How to Use a Voltmeter
A voltmeter is used to measure the voltage difference between two points without affecting the circuit. To measure the voltage across a component, place a voltmeter in parallel with the component. A voltmeter has a very large resistance so that only a negligible amount of current is diverted from the circuit being analyzed. Physical voltmeters often have a resistance of 10MΩ, but the voltmeters in CircuitEngine have infinite resistance so that they draw zero current from the circuit. If you want the effect of a voltmeter with non-infinite resistance, you can place a large resistor in parallel with the voltmeter. The value displayed on the voltmeter is the amount that the voltage of the positive terminal (marked with a plus sign, with a red wire in physical voltmeters) is above the voltage of the negative terminal. If the voltmeter displays 1 volt, it means the positive terminal is one volt higher than the negative terminal. If the voltmeter displays negative 1 volt, it means that the positive terminal is one volt below the negative terminal. A voltmeter that is shorted out will display 0 volts, and a voltmeter that is not connected to other components (an open circuit) will not be able to determine the voltage difference.

How to Use an Ammeter (Current Meter)
An ammeter is used to measure the current that passes through a component and is placed in series with the component. An ammeter has a very small resistance so that only a negligible amount of voltage drop occurs across it. The ammeters in CircuitEngine have zero voltage drop across them so that they act like wires. If you want the effect of an ammeter with nonzero resistance, you can place a small resistor in series with the ammeter. The value displayed on the ammeter is the amount of current that flows through the ammeter from the positive terminal (marked with a plus sign, with a red wire in physical ammeters) to the negative terminal. If the ammeter displays one amp, it means that one amp of current is flowing from the positive terminal to the negative terminal inside the ammeter. If the ammeter displays negative one amp, it means that one amp of current is flowing from the negative terminal to the positive terminal inside the ammeter. An ammeter that is not connected to other components (an open circuit) will display 0 amps, and an ammeter that is shorted out will not be able to determine the current.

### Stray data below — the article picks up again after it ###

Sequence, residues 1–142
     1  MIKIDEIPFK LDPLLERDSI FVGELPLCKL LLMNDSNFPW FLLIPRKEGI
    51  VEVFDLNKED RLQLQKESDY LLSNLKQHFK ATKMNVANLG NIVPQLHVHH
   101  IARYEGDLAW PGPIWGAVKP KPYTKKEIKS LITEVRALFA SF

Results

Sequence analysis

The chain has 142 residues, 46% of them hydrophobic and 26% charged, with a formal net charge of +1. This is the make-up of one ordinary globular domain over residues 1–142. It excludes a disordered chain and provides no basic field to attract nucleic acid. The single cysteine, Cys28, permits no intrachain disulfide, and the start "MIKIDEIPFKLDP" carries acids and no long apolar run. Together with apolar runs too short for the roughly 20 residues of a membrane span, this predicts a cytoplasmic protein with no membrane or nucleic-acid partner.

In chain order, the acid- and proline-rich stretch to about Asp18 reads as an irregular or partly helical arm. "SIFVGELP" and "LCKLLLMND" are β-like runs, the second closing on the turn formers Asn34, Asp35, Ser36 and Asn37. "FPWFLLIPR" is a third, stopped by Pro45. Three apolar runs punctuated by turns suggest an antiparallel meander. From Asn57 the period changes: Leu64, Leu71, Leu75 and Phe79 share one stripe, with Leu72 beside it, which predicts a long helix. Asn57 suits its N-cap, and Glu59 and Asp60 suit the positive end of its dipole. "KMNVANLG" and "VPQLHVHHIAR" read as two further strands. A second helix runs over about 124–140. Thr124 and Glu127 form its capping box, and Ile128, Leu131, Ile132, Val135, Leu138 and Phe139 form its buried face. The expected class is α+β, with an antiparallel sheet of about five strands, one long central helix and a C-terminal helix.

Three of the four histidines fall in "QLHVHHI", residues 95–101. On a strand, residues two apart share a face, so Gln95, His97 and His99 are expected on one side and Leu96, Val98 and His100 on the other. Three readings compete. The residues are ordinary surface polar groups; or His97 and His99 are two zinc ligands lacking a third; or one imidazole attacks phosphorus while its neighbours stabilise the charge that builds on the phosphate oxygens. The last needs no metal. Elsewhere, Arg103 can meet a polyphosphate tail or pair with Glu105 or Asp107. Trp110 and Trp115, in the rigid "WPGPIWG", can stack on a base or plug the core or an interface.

How to Use Ohmmeters (Resistance Meters), Capacitance Meters, and Inductance Meters
Ohmmeters, capacitance meters, and inductance meters can be used to measure the equivalent resistance, capacitance, and inductance of complex series and parallel combinations of resistors, capacitors, and inductors, respectively. Ohmmeters, capacitance meters, and inductance meters are active components, meaning that they generate EPE and should be removed from a circuit after a measurement is made. Ohmmeters can put a known amount of current through a resistor and measure the voltage drop across the resistor to determine the resistance. Capacitance meters can charge a capacitor with a known amount of current and measure the rate that the voltage changes to determine the capacitance. Inductance meters can place a known voltage across an inductor and measure the rate that the current changes to determine the inductance. To use one of these types of meters, make sure that the components that you are measuring are not connected to another circuit. For example, if you want to measure the resistance of a combination of resistors that is being used in a circuit, first disconnect the resistors from the rest of the circuit- you do not want to measure the rest of the circuit along with the resistors. Use these meters in CircuitEngine to measure what they are designed for- if you use them with the wrong types of component, you will get unexpected behavior.

How to Use Current Integrators
A current integrator is a meter that measures how much charge (in coulombs) has flowed through it from the positive terminal to the negative terminal. If you place a current integrator in series with a capacitor before charging it, as shown on the home page, you can measure the charge stored in the capacitor.

How to Use Voltage Integrators
A voltage integrator is a meter that measures how much magnetic flux (in webers or volt seconds) has formed between the positive terminal and the negative terminal. If you place a current integrator in parallel with an inductor before charging it, as shown on the home page, you can measure the magnetic flux through the inductor.

SI Prefixes
All of the SI prefixes used in CircuitEngine are described on Wikepedia. Note that an attoamp is approximately equivalent to six electrons per second.

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© 2009 Kevin Stueve kstueve@uw.edu. Web template by Andreas Viklund.